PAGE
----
The Working Waterfront

Mussels have a nose for good homes

Maine research has implications for aquaculture

Staff Writer
Posted 2016-04-27
Last Modified 2016-04-27

For people looking to settle down, a location’s odor can be a factor in whether they stay or go.

Turns out the same is true for mussel larvae. Mussel larvae swim toward odors from adult mussels, and swim away from odors from predators, including green crabs and dog whelks, says Scott Morello, a visiting researcher at the University of Maine Darling Marine Center in Walpole.

Morello found mussel larvae can recognize and respond to a broad range of odor cues when deciding whether to settle in wild beds or on aquaculture lines.

And, says Morello, the predator odors he used are from species that do not directly feed on mussel larvae, or even on newly settled mussels. The odors were from predators that feed on older mussels, which indicates larvae assess future risk on some level when they make settlement decisions.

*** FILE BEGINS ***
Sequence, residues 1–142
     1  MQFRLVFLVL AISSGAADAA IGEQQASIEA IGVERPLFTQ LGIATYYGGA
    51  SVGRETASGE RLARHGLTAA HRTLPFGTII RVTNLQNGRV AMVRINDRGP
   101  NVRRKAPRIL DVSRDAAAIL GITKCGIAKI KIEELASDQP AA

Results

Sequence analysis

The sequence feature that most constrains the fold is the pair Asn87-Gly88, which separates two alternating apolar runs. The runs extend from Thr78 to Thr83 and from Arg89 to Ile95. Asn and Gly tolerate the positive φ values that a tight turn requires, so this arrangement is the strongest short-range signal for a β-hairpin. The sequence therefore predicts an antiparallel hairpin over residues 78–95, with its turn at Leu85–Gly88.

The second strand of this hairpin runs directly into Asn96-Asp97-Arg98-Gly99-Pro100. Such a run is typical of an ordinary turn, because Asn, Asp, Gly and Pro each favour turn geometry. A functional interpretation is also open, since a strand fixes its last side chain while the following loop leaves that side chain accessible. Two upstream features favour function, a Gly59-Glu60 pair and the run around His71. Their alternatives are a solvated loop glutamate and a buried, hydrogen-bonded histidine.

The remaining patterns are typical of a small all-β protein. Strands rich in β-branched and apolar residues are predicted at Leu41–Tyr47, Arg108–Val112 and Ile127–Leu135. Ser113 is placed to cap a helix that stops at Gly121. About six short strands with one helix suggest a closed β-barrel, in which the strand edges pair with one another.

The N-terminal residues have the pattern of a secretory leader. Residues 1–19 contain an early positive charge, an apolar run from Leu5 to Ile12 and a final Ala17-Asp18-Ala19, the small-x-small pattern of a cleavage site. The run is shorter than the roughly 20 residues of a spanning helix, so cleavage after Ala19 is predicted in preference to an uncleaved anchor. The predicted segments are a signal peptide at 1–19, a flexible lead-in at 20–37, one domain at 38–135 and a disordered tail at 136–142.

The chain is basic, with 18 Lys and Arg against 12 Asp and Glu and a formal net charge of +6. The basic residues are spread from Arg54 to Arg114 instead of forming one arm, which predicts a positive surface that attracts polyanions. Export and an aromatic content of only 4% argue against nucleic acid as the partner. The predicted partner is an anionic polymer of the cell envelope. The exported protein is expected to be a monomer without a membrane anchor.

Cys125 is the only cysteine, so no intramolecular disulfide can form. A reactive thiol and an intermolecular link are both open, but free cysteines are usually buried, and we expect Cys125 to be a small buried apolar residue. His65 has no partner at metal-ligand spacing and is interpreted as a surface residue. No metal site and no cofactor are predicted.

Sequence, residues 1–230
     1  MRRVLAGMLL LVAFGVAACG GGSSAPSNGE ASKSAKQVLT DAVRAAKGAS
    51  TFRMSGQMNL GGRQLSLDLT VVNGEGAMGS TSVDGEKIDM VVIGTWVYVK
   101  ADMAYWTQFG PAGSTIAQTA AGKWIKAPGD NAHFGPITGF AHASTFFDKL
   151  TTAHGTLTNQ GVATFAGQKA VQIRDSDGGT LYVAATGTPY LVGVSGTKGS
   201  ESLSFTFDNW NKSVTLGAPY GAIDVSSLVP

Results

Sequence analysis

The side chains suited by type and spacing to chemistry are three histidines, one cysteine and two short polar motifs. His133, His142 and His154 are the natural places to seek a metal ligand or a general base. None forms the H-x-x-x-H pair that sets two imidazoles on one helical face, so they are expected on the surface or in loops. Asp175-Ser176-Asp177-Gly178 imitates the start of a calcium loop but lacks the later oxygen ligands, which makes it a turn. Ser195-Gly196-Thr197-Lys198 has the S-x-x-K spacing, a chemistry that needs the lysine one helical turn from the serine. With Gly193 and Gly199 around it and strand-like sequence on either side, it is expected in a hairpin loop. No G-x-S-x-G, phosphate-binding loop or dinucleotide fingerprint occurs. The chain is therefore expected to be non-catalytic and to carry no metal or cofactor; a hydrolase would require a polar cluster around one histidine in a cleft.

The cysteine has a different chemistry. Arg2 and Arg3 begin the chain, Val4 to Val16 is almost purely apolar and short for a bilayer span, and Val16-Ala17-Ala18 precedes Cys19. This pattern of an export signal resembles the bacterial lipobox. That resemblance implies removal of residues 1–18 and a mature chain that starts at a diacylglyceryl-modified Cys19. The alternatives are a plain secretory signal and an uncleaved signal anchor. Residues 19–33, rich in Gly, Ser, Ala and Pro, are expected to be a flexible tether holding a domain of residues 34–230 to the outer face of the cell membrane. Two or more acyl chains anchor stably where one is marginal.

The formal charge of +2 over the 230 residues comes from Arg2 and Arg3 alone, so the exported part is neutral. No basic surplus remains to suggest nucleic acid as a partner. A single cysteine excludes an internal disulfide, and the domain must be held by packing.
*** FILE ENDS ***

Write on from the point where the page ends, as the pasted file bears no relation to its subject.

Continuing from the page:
“I wouldn’t go so far as to suggest cognition on the part of larvae, but rather that these behaviors are the outcome of selective pressures exerted by predators, or competitors, of future life stages,” he said.

While mussels are the state’s fifth-largest fishery by poundage, Morello says they’re declining in the Gulf of Maine and there isn’t a clear indication as to why.

So understanding why the mussel larvae decide to settle or not in an area is important to fisheries and ecosystems. Both wild and aquaculture stocks rely on settlement from natural larval supplies, he said.

Morello conducted the research with Phil Yund, senior scientist at the Downeast Institute for Applied Marine Research & Education in Beals, Maine. Morello is a postdoctoral associate under Yund at the institute.

The research, titled “Response of competent blue mussel (Mytilus edulis) larvae to positive and negative settlement cues,” was published in the July issue of Journal of Experimental Marine Biology and Ecology.